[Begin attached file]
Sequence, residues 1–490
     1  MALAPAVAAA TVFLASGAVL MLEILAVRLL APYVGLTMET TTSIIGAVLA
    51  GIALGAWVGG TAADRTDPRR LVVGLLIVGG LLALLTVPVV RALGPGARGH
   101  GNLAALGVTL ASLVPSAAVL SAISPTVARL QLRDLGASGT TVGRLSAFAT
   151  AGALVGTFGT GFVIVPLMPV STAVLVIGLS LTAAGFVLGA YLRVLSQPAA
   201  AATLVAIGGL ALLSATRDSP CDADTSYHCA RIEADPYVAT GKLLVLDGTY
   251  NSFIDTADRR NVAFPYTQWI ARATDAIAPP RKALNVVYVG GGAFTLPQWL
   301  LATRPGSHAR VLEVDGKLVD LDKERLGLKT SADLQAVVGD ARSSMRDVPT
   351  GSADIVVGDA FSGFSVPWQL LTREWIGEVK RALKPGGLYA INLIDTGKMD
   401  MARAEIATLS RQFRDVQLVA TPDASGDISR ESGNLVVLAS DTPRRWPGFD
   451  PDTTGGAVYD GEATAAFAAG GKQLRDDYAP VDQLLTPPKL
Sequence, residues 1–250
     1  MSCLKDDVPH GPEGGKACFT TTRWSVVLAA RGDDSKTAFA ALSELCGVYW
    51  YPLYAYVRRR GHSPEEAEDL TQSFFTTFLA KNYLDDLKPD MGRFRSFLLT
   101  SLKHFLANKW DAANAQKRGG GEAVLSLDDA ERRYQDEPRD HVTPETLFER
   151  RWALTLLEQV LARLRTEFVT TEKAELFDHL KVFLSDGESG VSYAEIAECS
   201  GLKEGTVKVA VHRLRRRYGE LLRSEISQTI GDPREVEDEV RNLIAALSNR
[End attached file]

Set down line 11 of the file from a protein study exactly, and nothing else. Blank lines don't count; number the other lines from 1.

   451  PDTTGGAVYD GEATAAFAAG GKQLRDDYAP VDQLLTPPKL